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Storms left behind snowy, slippery sidewalks. Who’s responsible for clearing them?

City starts snow removal process

A utility worker from the City of Bellingham's Public Works Department scoops snow into a pile using a skip loader on Railroad Avenue in downtown Bellingham on Feb. 14, 2019. The snow was first piled up, and then taken away by a dump truck.
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A utility worker from the City of Bellingham's Public Works Department scoops snow into a pile using a skip loader on Railroad Avenue in downtown Bellingham on Feb. 14, 2019. The snow was first piled up, and then taken away by a dump truck.

The snowstorms that have pummeled Whatcom County have ended — for now — but have left behind snow-packed sidewalks that can be slippery and treacherous.

They’re a safety hazard and interfere with first responders’ ability to get to homes and businesses, the city of Ferndale told its residents and businesses in a post online.

So who’s responsible for clearing them?

In Seattle, which has gotten its fair share of snow since storms swept in starting on Super Bowl Sunday, says it’s the responsibility of the adjacent property owner. Down south, you could be fined $250 but it doesn’t seem like the city has ticketed anyone.

Who is responsible is a question explored by the Municipal Research and Services Center on its website.

The nonprofit focuses on issues faced by local governments, including whether a municipality is liable if someone gets hurt because it hasn’t removed ice and snow from sidewalks.

The answer, in case you’re wondering, is “no,” generally.

And can a local government require you to clear sidewalks of snow and ice? Yes.

We’ve gotten a breather from the snow but more may be on the way.

Here is a look at the sidewalk-clearing rules for different parts of Whatcom County for the next round:

Bellingham

The city plows streets but doesn’t clear snow or ice from sidewalks or other public walkways, Bellingham officials said on a post at cob.org.

That is the job of the abutting property owner or tenant.

And if they don’t and someone complains about the sidewalk being impassable, the city gives the property owner seven days to clear the sidewalk of what would be considered a nuisance, according to David Herschlip, who handles code enforcement for Bellingham Police.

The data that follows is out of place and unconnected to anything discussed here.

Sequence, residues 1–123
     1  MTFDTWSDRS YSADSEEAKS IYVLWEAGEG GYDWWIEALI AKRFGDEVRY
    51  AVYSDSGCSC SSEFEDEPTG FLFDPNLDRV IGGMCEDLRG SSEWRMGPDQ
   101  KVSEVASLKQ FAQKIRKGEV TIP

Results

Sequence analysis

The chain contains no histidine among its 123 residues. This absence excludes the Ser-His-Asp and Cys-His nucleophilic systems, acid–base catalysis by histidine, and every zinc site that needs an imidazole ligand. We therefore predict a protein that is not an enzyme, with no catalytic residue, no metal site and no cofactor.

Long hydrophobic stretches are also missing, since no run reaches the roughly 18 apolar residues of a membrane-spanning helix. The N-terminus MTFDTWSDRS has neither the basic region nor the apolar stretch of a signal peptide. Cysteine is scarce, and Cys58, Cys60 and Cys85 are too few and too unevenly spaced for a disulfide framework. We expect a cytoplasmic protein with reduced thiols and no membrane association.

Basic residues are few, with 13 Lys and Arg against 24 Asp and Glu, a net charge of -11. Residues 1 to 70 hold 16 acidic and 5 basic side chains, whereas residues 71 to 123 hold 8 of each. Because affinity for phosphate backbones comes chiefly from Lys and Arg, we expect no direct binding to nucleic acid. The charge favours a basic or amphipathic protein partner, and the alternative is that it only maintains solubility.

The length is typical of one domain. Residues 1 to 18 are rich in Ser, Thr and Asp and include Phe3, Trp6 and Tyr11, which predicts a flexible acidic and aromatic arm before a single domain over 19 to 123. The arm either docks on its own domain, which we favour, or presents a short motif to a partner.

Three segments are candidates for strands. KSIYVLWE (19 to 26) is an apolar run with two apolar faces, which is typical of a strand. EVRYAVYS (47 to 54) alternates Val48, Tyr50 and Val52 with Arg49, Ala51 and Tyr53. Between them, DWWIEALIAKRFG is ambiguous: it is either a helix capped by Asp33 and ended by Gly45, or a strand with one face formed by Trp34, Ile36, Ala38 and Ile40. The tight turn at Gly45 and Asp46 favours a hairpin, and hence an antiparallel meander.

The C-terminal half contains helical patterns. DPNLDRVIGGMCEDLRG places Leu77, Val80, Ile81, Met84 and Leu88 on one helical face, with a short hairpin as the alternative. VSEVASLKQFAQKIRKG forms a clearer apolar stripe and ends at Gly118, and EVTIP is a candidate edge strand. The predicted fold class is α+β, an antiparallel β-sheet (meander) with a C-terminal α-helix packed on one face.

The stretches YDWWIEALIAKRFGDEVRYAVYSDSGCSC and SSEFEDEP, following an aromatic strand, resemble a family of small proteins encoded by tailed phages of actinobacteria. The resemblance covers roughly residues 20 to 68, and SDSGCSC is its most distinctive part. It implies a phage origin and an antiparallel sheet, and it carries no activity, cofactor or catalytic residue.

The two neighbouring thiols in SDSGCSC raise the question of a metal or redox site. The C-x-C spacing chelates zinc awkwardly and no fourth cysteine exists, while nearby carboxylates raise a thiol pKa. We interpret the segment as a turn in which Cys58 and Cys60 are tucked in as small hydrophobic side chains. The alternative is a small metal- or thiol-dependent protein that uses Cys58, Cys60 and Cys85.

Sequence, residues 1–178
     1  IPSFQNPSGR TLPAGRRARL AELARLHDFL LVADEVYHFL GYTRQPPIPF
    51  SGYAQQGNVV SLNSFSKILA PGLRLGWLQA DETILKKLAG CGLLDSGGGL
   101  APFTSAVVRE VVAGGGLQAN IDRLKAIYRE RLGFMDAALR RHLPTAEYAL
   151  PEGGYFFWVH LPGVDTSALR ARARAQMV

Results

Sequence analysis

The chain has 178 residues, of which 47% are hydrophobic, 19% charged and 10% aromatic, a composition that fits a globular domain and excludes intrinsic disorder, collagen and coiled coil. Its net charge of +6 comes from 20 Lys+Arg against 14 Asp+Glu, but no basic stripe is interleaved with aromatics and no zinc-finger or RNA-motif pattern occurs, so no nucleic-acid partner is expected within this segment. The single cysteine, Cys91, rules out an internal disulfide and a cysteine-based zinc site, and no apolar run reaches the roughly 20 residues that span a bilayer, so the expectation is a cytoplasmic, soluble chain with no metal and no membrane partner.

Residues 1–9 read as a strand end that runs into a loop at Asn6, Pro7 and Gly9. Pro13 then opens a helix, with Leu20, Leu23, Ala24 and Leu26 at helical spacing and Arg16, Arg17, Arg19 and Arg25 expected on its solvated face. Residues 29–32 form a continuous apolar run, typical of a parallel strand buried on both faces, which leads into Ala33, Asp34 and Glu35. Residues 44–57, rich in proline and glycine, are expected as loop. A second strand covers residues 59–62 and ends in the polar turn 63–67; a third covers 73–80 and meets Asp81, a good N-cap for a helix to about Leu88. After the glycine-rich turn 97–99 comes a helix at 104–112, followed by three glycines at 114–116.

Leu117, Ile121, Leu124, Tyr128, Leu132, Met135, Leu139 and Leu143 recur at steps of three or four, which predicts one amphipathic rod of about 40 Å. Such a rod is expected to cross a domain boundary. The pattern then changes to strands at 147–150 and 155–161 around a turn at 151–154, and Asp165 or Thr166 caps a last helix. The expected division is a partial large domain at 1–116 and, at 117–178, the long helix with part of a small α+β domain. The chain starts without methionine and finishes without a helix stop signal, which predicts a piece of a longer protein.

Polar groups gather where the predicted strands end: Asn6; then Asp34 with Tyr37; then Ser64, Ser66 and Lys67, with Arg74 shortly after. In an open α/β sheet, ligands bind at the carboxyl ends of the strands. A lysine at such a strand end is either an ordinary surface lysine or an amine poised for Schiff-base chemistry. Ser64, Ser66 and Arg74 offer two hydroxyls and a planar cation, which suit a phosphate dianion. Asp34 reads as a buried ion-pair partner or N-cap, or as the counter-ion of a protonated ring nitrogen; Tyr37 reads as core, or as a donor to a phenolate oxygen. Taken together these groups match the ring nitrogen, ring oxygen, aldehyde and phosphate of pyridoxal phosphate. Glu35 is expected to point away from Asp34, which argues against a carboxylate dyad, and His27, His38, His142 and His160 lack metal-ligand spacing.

The city can’t make a business or neighbor shovel, so much as tell them there’s been a complaint, according to Amy Cloud, spokeswoman for the Bellingham Public Works Department.

After seven days, the property owner could face a misdemeanor charge ... provided the snow and ice are still there.

Blaine

The property owner has 24 hours to remove snow and ice from the sidewalk next to their property, according to the city.

And if the property owner doesn’t?

“To my knowledge, there has never been a fine applied due to non-compliance,” Ravyn Whitewolf, Public Works director, said Thursday.

But the city could bill the property owner for the cost of removal, according to Blaine codes.

Ferndale

The city requires residents and businesses to clear snow and ice from the sidewalks in front of and on the side of their house and business within 24 hours.

Does Ferndale enforce it?

“Technically, every piece of the Ferndale Municipal Code is enforceable. However, we have not written a ticket for anyone in recent memory,” said Riley Sweeney, spokesman for the city of Ferndale. “It is definitely more of a, “Hey, let’s help each other out.’ ”

The city also let residents and businesses know what else they can do to help clean up during the break in the storm. Find that on its website at cityofferndale.org.

Lynden

The city requires the property owner next to the sidewalk to clear it.

“We have never ‘prosecuted’ anyone for not doing this. I assume if we did we would have to go through the usual written notices of violation, followed by a court appearance,” Mike Martin, city administrator for Lynden told The Bellingham Herald Thursday.

Can you be fined for not clearing the sidewalk as required?

“Not fined, but billed for the cost of having city employees remove the snow,” Martin said.

Kie Relyea has been a reporter at The Bellingham Herald since 1997 and currently writes about social services and recreation in Whatcom County. She started her career in 1991 as a reporter and editor in Northern California.
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